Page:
TIL: You can buy bottles of fake bubbly for boat christenings that are designed to break

For more than 15 years I've lived in Alameda, a lovely island city in San Francisco's Bay Area. Because we're surrounded by water, there's a boating community. Thus, we have marine stores. I am not part of the boating community, so I had never gone into any of these stores. That is, until today. Our local West Marine store is moving to another part of town, so they're having a big sale. I decided it was time to check it out.

It was nicer than I expected. They're set to close at the end of March, so a lot of the shelves were barren. But there were still some neat nautical products left like international code flags, personal locator beacons, and boat beanbag chairs.

Though, what really caught my eye were these bottles of fake champagne. They're for when you christen a boat. You just take the bottle and smash it against the vessel. They don't contain alcohol (one reviewer says it contains a "soapy liquid") and are scored to break easily.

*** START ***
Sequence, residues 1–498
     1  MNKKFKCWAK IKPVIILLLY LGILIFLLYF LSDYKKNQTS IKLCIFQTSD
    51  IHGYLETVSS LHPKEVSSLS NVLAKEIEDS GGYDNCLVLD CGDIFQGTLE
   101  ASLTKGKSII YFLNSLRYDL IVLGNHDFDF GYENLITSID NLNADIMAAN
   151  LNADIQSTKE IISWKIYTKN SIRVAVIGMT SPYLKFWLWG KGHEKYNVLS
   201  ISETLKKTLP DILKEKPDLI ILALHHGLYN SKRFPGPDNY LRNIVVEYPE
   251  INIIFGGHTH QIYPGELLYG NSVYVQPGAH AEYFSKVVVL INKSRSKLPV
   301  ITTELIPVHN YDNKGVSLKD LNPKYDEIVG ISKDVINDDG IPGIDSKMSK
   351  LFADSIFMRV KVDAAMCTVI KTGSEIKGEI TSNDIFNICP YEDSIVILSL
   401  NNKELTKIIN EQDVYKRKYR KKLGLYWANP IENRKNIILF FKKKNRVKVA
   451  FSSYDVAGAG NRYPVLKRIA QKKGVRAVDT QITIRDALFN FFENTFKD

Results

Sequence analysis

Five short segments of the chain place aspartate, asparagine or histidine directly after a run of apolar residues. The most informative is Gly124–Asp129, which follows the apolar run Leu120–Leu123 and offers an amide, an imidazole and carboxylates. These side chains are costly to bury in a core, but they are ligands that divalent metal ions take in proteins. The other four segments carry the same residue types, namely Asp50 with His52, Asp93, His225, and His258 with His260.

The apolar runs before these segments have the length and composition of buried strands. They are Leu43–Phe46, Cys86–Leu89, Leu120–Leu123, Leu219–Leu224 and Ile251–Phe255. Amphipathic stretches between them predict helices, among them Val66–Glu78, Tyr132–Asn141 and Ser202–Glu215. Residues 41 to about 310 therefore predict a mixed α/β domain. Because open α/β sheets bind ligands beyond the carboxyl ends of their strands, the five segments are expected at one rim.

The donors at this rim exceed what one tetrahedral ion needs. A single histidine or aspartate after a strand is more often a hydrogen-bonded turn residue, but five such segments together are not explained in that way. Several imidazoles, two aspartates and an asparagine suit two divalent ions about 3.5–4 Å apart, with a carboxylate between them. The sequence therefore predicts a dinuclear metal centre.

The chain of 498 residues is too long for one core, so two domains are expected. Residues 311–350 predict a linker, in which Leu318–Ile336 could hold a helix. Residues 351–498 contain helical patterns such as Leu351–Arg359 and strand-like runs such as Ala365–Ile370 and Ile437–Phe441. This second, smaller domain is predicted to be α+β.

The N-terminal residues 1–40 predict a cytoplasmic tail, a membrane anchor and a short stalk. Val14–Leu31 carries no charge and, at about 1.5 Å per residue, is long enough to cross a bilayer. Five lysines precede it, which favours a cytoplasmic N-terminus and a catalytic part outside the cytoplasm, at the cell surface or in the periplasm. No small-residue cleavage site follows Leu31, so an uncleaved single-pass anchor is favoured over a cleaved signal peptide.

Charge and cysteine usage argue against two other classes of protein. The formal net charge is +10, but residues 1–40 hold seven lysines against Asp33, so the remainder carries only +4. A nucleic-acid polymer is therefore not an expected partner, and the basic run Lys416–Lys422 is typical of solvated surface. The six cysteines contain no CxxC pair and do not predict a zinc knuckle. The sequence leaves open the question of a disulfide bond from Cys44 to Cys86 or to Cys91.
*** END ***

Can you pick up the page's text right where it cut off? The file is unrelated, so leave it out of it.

Read for yourself. Here's the product's description:

Save the real champagne for guests and break this special christening bottle on your vessel’s prow. The bottle is scored around the middle and housed in a net to ensure that your first swing is a smashing hit. The result: cheers from the crowd when an impressive-yet safe-spray of imitation bubbly celebrates your boat’s dent-free debut.

Watch and learn:

photo by Rusty Blazenhoff Read the rest

What do you call a baby porcupine?

You will never believe this. It's just too damn cute. They're porcupettes, people. Baby porcupines are porcupettes. Read the rest

The oldest Confederate volcano tells all

TIL: There is an extinct volcano sitting directly beneath the city of Jackson, Mississippi. Specifically, it is approximately a half mile below the Mississippi Colosseum and state fairgrounds. In the late Cretaceous period — about 100 million years ago — this part of North America was under water. In fact, "North America" back then was actually more like a couple of mini-continents surrounded by ocean. The Jackson Volcano was the heart of a 400-square-mile island in that sea. It hasn't erupted in 65 million years, but the ground is still hot enough that some local wells pump up 102°F water. [Edited to add that the relationship between groundwater temp and the Jackson Volcano may not be accurate. Eric Klemetti — geoscientist and Wired blogger — told me he would be surprised if an extinct volcano was the source of that heat.] Read the rest

Spam email reveals the existence of ancient, giant furry armadillo things

Furry, shelled mammals the size of VW Beetles once roamed the Americas.